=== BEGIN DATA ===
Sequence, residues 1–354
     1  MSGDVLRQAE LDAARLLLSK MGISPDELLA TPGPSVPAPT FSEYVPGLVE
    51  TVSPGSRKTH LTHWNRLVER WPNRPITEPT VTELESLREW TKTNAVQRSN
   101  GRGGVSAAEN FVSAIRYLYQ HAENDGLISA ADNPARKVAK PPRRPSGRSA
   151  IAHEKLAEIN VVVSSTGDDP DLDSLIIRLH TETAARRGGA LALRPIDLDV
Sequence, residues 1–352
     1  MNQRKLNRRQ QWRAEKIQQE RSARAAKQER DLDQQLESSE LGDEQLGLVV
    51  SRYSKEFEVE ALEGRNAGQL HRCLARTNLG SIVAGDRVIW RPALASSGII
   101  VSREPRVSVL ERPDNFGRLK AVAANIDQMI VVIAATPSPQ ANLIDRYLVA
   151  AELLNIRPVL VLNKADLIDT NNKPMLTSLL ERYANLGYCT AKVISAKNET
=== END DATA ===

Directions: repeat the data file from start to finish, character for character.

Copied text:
Sequence, residues 1–354
     1  MSGDVLRQAE LDAARLLLSK MGISPDELLA TPGPSVPAPT FSEYVPGLVE
    51  TVSPGSRKTH LTHWNRLVER WPNRPITEPT VTELESLREW TKTNAVQRSN
   101  GRGGVSAAEN FVSAIRYLYQ HAENDGLISA ADNPARKVAK PPRRPSGRSA
   151  IAHEKLAEIN VVVSSTGDDP DLDSLIIRLH TETAARRGGA LALRPIDLDV
Sequence, residues 1–352
     1  MNQRKLNRRQ QWRAEKIQQE RSARAAKQER DLDQQLESSE LGDEQLGLVV
    51  SRYSKEFEVE ALEGRNAGQL HRCLARTNLG SIVAGDRVIW RPALASSGII
   101  VSREPRVSVL ERPDNFGRLK AVAANIDQMI VVIAATPSPQ ANLIDRYLVA
   151  AELLNIRPVL VLNKADLIDT NNKPMLTSLL ERYANLGYCT AKVISAKNET